Maybe the morning and private prayer time ought to include that God give us each the desire to over-rule the power that would have us sullenly turn away from encouragement, that our desire to do our best flame higher and stronger than the desire to not do where we are planted our best.

Sometimes, a math sheet can be so much more than homework – it can be an I-Love-You Praise gift worthy of angels and God – if it is labored over for God.

For more information on Shaker History, click here and here.

For the Trinity of Success, click here

659) Post-it notes for prayer requests stuck on my desk and bathroom mirror that remind me to pray
660) Paine au chocolates for my daughter-in-law – because my son said she’d like them
661) baklava for my son – because he likes it – and he asked for it.
662) leaves swirling like confetti in dappled sunlight on a quiet street on my way home from work
663) A quiet weekend morning, on the porch with a cup of coffee, listening to a blue jay
664) zinnias that rebloom sherbet colors all summer long
665) a bushel of tomatoes from my garden
666) time to knit 4 rows of a project
667) boys reading in the weekend morning – no t.v., no music, just a silent kind of industriousness that sighs contentment
668) the courage to buy a pink and purple booster seat for baby girl to sit at the table – on the clearance rack – with a mini-booster-seat for a tiny baby doll. My littlest, almost 12, assembled it, secured it – and grandbaby girl and her stuffed animal enjoyed dinner
669) Hearing the following words: “In college I went to the used book store to get some classics to read, like Shakespeare, ‘Much Ado about Nothing. I used to buy books there all the time until the owner offered me a massage.” – Not the massage part, though that definitely adds a little something to the story – but that I instilled a love for reading things like Shakespeare.
670) Previous discussion morphing into a discussion of Chaucer (thank you, “A Knight’s Tale” – and the devolving and evolving of words).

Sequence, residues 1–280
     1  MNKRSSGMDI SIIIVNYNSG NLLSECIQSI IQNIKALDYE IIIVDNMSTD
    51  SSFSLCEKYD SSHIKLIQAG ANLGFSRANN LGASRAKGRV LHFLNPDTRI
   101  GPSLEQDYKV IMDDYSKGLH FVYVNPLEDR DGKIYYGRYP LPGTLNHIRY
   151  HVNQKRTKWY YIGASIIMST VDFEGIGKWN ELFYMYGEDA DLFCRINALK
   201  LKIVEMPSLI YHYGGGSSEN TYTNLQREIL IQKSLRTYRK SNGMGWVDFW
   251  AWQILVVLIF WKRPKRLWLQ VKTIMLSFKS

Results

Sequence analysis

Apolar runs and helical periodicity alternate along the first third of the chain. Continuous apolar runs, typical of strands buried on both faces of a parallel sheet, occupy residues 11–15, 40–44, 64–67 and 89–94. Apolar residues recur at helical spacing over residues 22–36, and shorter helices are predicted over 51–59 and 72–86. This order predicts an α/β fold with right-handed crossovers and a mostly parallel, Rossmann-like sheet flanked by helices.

671) Saturday Morning date at the Farmer’s Market
672) Chard, honey, parsley, cucumbers, eggplant and dill at the Farmer’s Market
673) Watch grandbaby girl have one-on-one time with her 14-year-old uncle
674) Sons meeting rising to meet life challenges
675) Sons who still hug
676) Living a hectic schedule one hour at a time – thank you God for helping me through this week – with a schedule that challenged my peace
677) meeting with friends over dinner – friends who laugh with you and don’t mind you being yourself
678) a friend from church, seeing my husband in the grocery store, battling a cold – and she prayed for him
679) Phone calls my mom and aunt every morning  – when I married, long-distance calling was too expensive – now, I can call every day. What an awesome blessing! I love that.
680) weekday morning prayer, no matter how put out any one person is – the littlest leading the Lord’s Prayer, the next leading the 23 Psalm – and seeing my senior’s hands automatically reaching for the bible I leave in the car to find a Proverb – without me reminding.
681) watching green things and blooming things outside my window
682) rain, in sheets, in mists, rumbling and rolling thunder across the sky, lights out as the rain from the hurricane blows its way to Tennessee.
683) sitting with the lights off in the house, on our porch, listening to the boys and husband talk of big and little things, little and big – in the way that boys do – so endearing, so serious, sometimes so silly – all more beautiful in the quiet
684) sitting around the big table, dinner finished, a coffee cup in my hand, listening to the talking, trying to get a word in somewhere – wondering how does a mom’s voice stay relevant when men talk about their world, grateful for Shakespeare and Chaucer moments – yes, it was a double blessing, worthy of a gazillion times ( which reminds me of a 5 minute discussion of dictionaries and the word ginormous).